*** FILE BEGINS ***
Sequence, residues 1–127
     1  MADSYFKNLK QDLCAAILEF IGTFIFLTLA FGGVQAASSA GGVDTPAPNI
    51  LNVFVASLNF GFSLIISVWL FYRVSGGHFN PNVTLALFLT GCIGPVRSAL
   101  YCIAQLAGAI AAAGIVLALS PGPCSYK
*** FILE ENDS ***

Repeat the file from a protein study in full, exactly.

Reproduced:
Sequence, residues 1–127
     1  MADSYFKNLK QDLCAAILEF IGTFIFLTLA FGGVQAASSA GGVDTPAPNI
    51  LNVFVASLNF GFSLIISVWL FYRVSGGHFN PNVTLALFLT GCIGPVRSAL
   101  YCIAQLAGAI AAAGIVLALS PGPCSYK